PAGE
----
Chat has always been a staple Web 2.0 archetype since the first “chat rooms” surfaced over a decade ago. Chat room users became minor celebrities within their own walled chat gardens, but really couldn’t “breakout” into more massive recognition. Similarly, IM services like MSN, Gtalk and Yahoo!Chat are used most efficiently with a small inner social circle… a big chat network would be too distracting.
The Internet has evolved into a platform where bloggers like Robert Scoble and Guy Kawasaki and other content generators have become defined as online celebrities based on their readership or “follower” base. Blog and content essentially sit there on the Internet, waiting to be subscribed to or digested. Micro-blogging applications Twitter and Friendfeed not only serves as an open, as opposed to a walled garden chat platform, but it is also creating conversations around the topics once covered exclusively by blogs. And the conversations are easier to participate in when limited to one sentence thoughts as opposed to the extended comments that are protocol to blogs.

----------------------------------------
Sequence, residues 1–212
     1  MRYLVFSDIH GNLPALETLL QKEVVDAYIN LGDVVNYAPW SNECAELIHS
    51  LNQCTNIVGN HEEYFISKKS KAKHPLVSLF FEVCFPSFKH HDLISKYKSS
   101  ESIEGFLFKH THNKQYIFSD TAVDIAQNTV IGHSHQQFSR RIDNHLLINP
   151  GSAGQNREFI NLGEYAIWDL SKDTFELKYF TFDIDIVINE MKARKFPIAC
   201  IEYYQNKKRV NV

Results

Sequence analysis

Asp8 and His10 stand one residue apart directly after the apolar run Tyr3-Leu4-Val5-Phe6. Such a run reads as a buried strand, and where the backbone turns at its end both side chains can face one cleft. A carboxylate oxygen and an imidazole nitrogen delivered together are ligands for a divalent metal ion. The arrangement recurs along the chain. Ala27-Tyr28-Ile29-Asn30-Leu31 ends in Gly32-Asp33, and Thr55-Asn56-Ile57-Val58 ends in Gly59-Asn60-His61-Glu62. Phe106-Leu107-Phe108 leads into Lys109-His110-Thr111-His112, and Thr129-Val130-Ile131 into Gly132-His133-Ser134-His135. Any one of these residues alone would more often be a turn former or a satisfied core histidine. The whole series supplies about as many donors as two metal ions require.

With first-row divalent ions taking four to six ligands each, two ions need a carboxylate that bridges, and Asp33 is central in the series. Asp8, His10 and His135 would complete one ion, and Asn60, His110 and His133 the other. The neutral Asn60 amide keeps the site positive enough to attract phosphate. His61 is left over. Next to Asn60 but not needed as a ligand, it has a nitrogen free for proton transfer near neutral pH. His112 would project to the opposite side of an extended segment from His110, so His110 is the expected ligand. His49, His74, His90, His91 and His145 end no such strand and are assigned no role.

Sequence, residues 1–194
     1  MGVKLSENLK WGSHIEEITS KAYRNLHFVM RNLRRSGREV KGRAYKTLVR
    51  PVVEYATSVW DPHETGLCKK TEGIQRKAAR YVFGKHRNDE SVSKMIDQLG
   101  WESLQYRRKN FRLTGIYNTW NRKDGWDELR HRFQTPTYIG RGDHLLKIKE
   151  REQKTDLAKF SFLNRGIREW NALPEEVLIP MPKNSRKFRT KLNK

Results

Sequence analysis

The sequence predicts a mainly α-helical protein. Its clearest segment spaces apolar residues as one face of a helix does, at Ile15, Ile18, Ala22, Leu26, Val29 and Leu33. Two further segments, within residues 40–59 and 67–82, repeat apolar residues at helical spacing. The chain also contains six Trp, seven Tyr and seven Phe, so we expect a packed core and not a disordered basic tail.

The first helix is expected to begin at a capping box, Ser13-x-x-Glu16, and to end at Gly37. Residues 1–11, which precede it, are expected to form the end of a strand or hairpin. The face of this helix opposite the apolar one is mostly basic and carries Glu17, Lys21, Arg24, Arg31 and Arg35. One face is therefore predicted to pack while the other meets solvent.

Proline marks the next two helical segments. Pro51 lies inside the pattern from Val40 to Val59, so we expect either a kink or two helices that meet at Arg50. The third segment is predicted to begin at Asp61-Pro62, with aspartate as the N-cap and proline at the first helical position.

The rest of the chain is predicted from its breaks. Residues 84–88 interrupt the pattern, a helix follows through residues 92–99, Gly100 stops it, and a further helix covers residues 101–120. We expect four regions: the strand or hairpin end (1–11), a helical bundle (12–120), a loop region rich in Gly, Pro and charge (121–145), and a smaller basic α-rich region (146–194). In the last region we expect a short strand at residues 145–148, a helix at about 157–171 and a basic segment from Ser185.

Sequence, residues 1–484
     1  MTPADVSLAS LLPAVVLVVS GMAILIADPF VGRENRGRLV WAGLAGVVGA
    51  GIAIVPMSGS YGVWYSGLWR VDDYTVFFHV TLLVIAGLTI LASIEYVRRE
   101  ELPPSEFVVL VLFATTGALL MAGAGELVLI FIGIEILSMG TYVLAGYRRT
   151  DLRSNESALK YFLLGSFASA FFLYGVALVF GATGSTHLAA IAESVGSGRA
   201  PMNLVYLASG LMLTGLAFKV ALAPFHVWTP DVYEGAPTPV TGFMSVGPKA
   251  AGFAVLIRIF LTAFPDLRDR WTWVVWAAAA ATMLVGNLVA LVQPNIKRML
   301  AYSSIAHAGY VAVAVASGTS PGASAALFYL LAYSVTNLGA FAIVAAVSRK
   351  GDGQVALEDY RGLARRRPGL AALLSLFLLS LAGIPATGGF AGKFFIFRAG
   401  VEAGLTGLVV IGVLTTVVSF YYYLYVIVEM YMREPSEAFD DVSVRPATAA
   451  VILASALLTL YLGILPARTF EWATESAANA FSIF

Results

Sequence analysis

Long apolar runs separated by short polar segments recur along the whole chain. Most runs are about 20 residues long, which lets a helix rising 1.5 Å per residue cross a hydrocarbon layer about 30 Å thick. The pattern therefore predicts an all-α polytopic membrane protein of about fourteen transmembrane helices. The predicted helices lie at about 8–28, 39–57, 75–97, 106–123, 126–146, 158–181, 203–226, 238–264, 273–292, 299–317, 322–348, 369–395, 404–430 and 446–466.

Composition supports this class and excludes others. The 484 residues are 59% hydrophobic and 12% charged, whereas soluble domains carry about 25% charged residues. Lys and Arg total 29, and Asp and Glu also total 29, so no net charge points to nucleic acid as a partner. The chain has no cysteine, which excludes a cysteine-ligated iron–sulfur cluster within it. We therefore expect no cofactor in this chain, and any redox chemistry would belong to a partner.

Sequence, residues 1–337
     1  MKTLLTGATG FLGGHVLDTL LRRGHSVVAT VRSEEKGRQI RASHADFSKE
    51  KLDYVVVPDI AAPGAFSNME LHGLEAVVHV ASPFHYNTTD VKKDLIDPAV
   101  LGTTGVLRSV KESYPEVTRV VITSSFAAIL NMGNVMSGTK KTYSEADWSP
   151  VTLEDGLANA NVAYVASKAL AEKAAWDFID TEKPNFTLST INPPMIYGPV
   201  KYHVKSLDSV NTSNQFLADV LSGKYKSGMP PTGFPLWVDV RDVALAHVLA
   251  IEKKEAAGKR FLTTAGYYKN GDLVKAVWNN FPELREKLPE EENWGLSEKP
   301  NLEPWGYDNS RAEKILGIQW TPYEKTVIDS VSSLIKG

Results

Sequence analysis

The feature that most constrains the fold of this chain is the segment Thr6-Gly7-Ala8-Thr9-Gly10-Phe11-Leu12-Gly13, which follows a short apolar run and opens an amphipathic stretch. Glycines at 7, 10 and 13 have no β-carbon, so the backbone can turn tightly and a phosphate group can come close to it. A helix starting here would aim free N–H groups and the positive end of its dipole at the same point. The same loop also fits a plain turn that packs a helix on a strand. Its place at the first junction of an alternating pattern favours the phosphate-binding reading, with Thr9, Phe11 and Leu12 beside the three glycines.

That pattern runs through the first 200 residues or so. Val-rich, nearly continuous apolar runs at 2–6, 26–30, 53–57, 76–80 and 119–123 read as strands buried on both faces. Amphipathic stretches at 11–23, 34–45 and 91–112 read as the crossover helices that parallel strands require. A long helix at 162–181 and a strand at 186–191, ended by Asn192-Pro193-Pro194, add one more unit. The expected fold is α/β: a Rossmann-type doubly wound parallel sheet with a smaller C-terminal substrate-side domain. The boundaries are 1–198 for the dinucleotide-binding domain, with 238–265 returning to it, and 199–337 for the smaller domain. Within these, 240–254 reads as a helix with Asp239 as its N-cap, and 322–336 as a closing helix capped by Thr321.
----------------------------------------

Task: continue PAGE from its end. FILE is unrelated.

Twitter’s contribution to chat is in branding the chat ID handle. By being universally known as Scobleizer or just by your real name as your Twitter handle, you are forever branding yourself as a broadcast media channel. This will have online marketing value when mass media begins to recognize these channels as they extend into social media.